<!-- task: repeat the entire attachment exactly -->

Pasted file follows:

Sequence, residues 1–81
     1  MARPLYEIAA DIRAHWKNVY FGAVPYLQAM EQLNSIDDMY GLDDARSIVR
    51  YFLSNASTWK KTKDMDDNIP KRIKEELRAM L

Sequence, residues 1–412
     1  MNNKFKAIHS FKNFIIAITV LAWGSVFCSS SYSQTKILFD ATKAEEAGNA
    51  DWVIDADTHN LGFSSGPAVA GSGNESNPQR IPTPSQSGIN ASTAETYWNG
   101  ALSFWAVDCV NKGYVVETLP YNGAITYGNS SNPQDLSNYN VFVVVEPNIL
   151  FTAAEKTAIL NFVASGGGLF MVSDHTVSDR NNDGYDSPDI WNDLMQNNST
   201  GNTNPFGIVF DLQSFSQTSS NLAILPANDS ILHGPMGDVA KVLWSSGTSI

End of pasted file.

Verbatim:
Sequence, residues 1–81
     1  MARPLYEIAA DIRAHWKNVY FGAVPYLQAM EQLNSIDDMY GLDDARSIVR
    51  YFLSNASTWK KTKDMDDNIP KRIKEELRAM L

Sequence, residues 1–412
     1  MNNKFKAIHS FKNFIIAITV LAWGSVFCSS SYSQTKILFD ATKAEEAGNA
    51  DWVIDADTHN LGFSSGPAVA GSGNESNPQR IPTPSQSGIN ASTAETYWNG
   101  ALSFWAVDCV NKGYVVETLP YNGAITYGNS SNPQDLSNYN VFVVVEPNIL
   151  FTAAEKTAIL NFVASGGGLF MVSDHTVSDR NNDGYDSPDI WNDLMQNNST
   201  GNTNPFGIVF DLQSFSQTSS NLAILPANDS ILHGPMGDVA KVLWSSGTSI